Variables that associated with the development of HCC were analyzed by both univariate and multivariate analyses. A univariate analysis identified some variables associated with the development of HCC in overall or female patients, which reached statistical significance or marginal significance. Among these variables, however, some variables were significantly correlated with a certain variable or others by the Spearman’s rank-correlation coefficient. Then we used variables that were not significantly correlated one another. In the analysis of overall patients, these variables included Brinkman index (number of cigarettes per day years of smoking), the serum albumin levels, the serum AST levels, the platelet counts, and the past history of Hashimoto’s disease. A multivariate analysis identified the serum albumin levels that independently influenced the development of HCC in overall patients (Table 5). In the analysis of female patients, variables identified by the same method as mentioned above included Brinkman index, the serum albumin levels, the serum AST levels, the platelet counts, and the past history of Hashimoto’s disease. A multivariate analysis identified the serum albumin levels that independently influenced the development of HCC in female patients (Table 5).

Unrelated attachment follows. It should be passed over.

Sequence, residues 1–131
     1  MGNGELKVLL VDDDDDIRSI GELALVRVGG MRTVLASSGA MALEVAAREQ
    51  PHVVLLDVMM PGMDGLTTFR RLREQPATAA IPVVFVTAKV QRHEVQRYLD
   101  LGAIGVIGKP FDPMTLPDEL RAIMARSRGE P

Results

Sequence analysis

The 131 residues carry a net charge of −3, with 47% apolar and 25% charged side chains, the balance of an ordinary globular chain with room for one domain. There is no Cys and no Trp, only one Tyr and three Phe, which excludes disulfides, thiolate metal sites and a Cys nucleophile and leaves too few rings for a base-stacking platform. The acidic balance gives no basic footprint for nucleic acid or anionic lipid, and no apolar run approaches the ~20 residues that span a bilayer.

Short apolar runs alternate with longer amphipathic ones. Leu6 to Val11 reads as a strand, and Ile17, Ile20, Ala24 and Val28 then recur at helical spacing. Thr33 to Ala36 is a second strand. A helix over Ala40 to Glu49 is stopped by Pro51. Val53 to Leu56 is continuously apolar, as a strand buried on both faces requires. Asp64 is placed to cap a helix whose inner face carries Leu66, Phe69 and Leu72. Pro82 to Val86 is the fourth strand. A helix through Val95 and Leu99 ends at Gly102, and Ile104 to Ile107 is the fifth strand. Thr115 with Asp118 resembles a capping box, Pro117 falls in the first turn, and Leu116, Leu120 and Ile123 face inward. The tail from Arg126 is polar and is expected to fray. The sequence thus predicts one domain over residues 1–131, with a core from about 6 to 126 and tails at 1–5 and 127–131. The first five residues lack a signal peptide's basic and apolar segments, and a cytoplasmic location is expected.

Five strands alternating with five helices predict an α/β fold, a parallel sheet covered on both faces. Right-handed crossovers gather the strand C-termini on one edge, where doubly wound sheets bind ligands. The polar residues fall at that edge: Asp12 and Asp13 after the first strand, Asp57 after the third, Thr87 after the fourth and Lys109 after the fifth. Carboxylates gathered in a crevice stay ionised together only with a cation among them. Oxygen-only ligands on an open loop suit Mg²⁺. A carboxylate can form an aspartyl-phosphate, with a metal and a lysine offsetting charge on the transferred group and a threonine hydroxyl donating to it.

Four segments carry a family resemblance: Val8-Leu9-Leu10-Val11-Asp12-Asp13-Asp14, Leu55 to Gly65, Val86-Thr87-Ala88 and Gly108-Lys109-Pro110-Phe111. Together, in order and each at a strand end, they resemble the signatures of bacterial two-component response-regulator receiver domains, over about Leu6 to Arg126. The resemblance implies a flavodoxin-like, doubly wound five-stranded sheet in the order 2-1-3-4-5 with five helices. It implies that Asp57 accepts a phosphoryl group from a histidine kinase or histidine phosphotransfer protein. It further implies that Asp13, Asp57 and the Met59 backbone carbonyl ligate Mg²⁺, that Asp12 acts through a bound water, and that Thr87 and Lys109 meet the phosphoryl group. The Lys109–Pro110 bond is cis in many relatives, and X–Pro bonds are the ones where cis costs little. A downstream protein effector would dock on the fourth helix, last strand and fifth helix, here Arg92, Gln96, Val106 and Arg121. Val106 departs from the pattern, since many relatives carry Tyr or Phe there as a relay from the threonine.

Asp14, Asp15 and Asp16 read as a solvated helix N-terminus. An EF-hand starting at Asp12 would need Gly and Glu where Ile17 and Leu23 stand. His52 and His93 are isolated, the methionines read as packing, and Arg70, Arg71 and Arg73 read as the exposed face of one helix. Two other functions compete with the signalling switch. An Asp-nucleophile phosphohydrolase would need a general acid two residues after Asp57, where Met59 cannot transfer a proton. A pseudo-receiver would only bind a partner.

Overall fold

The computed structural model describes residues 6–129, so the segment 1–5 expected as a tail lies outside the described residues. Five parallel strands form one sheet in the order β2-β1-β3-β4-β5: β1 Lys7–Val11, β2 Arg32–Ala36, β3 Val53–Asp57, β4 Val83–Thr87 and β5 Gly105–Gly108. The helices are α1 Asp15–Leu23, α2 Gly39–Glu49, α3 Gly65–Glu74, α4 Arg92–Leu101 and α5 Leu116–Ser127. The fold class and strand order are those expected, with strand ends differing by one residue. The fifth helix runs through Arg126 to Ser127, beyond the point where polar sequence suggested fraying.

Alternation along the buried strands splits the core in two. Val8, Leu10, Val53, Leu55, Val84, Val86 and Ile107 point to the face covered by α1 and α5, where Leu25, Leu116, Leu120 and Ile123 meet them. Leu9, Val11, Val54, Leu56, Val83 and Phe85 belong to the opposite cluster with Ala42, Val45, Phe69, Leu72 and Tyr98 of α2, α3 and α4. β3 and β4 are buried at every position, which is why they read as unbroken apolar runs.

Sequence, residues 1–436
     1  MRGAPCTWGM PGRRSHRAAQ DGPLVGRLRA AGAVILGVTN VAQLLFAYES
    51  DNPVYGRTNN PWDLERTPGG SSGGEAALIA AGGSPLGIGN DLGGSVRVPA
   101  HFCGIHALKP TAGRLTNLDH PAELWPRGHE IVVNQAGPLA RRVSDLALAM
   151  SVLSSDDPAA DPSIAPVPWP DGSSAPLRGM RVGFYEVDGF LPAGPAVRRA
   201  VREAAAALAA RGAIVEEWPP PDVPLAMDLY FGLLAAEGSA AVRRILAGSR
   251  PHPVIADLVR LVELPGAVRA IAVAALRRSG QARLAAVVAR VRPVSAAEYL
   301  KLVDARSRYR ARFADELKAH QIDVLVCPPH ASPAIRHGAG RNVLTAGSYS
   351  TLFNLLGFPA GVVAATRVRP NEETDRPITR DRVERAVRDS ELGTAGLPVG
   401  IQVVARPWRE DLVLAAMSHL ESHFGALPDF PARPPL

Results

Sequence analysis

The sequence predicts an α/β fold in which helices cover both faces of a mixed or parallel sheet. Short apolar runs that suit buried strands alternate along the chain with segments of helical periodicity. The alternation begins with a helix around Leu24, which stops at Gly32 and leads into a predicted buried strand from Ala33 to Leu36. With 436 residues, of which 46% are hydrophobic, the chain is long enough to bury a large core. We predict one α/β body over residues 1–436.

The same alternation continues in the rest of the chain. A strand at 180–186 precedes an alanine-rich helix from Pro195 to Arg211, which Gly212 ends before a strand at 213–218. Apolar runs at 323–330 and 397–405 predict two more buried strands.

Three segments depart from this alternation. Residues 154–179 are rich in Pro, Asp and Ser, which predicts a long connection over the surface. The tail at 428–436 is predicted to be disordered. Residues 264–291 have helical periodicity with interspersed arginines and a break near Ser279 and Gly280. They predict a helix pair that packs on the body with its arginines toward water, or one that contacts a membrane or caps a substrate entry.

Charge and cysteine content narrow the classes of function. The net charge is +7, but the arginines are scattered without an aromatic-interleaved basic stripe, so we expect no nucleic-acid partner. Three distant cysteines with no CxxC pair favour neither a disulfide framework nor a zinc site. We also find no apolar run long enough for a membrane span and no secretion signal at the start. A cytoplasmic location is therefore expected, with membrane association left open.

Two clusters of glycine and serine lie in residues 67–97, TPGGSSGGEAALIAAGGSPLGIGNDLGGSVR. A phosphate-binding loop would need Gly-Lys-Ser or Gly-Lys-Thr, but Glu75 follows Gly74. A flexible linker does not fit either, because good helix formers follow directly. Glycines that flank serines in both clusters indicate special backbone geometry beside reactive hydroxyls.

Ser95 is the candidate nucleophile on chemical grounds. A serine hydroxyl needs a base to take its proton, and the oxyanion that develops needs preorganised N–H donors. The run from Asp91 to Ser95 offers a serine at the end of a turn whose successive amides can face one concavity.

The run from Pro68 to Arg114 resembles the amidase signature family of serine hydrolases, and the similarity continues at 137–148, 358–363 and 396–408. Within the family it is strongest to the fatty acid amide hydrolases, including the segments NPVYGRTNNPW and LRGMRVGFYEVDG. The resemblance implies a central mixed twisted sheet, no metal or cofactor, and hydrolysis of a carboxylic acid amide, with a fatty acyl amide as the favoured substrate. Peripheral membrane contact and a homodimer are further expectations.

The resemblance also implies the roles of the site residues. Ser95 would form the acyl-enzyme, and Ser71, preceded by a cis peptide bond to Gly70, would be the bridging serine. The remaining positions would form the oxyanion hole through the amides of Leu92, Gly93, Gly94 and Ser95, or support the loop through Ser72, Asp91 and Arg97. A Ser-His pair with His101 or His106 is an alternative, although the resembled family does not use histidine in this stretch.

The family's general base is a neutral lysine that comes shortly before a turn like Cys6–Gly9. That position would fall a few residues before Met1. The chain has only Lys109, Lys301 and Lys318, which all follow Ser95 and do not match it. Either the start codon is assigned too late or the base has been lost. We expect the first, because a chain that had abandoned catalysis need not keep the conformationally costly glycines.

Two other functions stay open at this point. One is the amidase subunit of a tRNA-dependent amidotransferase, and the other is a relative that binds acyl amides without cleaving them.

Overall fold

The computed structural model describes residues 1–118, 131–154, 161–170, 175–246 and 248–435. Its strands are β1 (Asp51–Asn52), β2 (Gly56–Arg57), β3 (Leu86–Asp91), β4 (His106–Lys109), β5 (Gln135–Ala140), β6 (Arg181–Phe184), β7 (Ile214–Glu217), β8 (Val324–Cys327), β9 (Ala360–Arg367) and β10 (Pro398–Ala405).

In our study, the incidence risk of HCC was significantly increased in PBC patients in comparison to adjusted general population with or without the period of follow-up for a year after PBC diagnosis. The increased incidence risk of HCC in PBC patients was consistent with the previous crude large case study in Japan . Our study is of quite value in view of the precise analysis using SIR and SMR differing from the previous study . Outside Japan, the increased incidence risk of HCC in PBC patients is controversial [1, 2, 8–10]. Loof et al.  examined 559 patients with PBC with a mean follow-up period of 9 years in Sweden; they concluded that there was no significant increase in the occurrence of HCC in patients with PBC. However, HCC may have remained undetected in this study, because less than 50% of the deceased patients had an autopsy performed. In addition, racial difference may contribute to the incidence of HCC in PBC patients.